A Charlottesville-area businessman has begun a private campaign to save small businesses struggling to survive while a statewide stay-at-home order keeps the economy shut down through the beginning of June.
Pete Snyder, a capital entrepreneur who has started and run several small businesses, opened “The Virginia 30 Day Fund” this week. It offers $3,000 forgivable loans to businesses in an effort to keep them alive throughout the economic crisis spurred by the Wuhan coronavirus pandmic. Qualifying small businesses can apply for the loans here.
“People are hurting and they need help,” Snyder told The Federalist. “We’re going to do everything we can to keep businesses afloat in Virginia.”
Snyder said the idea came as he and his wife watched the devastation unfold in the economy. They learned many small businesses would be unable to wait the three- to four-week “Death Valley” period for government assistance to arrive. Small businesses need help now.
While the government is doing all it can, Snyder said, “The private sector needs to step up as well.”
According to a new survey conducted by the U.S. Chamber of Commerce with MetLife, nearly a quarter of the nation’s small businesses reported being less than two months away from closing their doors for good if lockdowns are not lifted. Ten percent said they were less than one month from permanent closure.
Snyder and his wife kicked off the fund with a $100,000 contribution to help 30 small businesses and opened up a portal for additional online donations. Click here to contribute.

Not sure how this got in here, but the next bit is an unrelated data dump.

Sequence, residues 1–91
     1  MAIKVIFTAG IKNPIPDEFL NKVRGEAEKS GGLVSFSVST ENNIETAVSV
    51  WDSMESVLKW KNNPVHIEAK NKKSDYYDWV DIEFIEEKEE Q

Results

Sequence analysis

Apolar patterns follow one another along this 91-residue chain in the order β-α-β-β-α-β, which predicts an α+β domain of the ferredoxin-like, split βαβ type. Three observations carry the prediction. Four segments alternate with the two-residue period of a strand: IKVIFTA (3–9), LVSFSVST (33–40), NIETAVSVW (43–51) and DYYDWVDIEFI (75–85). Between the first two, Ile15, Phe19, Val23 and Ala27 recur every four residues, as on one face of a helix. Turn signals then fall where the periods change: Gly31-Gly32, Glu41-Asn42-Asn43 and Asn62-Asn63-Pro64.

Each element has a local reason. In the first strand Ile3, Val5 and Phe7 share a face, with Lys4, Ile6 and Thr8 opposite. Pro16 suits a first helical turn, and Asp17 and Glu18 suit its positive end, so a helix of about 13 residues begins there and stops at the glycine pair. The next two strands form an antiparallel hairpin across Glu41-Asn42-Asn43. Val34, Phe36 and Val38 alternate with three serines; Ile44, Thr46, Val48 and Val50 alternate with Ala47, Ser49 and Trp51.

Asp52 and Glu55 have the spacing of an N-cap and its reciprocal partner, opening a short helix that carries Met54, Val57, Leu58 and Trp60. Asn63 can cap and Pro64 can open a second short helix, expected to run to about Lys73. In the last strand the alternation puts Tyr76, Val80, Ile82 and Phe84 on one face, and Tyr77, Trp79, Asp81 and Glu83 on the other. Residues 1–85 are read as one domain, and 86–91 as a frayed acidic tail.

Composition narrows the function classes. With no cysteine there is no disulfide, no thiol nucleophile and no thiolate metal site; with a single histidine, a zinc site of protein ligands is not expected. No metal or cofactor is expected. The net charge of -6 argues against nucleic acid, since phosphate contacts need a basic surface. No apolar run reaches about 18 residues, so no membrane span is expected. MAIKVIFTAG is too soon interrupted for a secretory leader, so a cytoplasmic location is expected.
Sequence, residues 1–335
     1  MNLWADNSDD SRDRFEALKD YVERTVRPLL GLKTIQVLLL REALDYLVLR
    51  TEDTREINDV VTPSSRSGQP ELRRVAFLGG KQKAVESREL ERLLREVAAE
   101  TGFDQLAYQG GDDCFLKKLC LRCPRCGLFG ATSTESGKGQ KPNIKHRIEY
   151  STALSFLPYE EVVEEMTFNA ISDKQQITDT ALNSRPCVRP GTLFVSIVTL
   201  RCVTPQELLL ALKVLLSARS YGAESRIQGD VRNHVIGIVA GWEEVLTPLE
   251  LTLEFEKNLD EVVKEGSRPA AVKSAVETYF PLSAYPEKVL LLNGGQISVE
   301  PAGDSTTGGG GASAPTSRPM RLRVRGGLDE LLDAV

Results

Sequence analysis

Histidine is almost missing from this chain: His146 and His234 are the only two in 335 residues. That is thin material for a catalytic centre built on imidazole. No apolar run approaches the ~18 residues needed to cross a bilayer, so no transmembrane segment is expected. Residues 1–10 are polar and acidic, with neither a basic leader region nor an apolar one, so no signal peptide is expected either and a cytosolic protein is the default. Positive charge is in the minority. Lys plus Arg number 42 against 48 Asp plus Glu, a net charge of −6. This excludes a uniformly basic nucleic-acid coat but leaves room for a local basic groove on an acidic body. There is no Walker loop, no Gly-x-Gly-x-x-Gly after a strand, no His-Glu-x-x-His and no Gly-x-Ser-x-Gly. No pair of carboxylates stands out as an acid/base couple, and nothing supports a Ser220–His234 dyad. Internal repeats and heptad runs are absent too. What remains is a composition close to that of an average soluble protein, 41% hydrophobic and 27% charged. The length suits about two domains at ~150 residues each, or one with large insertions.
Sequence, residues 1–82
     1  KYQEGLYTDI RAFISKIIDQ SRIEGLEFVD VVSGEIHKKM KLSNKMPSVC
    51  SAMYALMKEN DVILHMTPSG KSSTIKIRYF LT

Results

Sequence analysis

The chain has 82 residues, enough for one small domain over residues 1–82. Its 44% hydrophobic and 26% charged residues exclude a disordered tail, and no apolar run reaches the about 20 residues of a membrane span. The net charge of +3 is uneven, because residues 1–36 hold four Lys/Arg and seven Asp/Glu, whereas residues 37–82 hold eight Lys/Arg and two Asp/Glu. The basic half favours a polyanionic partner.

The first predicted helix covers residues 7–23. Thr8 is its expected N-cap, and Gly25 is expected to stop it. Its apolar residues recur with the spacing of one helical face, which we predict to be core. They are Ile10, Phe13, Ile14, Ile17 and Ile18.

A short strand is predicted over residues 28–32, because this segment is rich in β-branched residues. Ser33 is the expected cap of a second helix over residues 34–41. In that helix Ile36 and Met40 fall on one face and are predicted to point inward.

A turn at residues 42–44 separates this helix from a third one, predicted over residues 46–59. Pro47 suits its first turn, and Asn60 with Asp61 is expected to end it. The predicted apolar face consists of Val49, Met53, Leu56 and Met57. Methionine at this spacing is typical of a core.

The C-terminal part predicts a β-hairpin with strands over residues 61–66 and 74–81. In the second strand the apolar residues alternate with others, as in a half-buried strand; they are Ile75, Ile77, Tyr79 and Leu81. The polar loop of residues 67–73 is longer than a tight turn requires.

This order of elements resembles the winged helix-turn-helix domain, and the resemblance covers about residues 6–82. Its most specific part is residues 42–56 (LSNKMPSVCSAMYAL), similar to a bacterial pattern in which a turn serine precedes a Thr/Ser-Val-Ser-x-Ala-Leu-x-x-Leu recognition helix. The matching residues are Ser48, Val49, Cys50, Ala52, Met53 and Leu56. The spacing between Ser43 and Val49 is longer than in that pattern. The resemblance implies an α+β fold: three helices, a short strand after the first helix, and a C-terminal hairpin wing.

“It’s not like they ran their businesses into the ground over bad business practices,” he noted. This devastation is completely not of their own making.
On March 23, Democratic Virginia Gov. Ralph Northam had ordered all businesses deemed “non-essential” closed to slow the spread of the rapidly growing Wuhan coronavirus making its way across the state and country. On March 30, Northam implemented a “stay at home” order in effect until June 10.
When asked whether he believed the economy would be opening back up in mid-June, Snyder said it remains impossible to say.
“You can’t be an entrepreneur without being an optimist, but you have to plan for the worst,” Snyder said.
Snyder emphasized that while these are forgivable loans, businesses have the opportunity to “pay it forward” by repaying the loans to help another at-risk business. Snyder expects that while 90 to 95 percent of companies that take the loans will be unable to pay them back, some probably will.
“People don’t want charity,” Snyder said. “They want a hand, but if they make it through the death valley, I think we’re going to have a lot of people who are going to be paying it forward.”
Snyder said the fund would be supporting businesses in each region of Virginia “so we actually have an economy when we pull out of this.”
The Charlottesville businessman also said he would be helping business communities in other states open similar funds to keep small companies alive once the crisis subsides.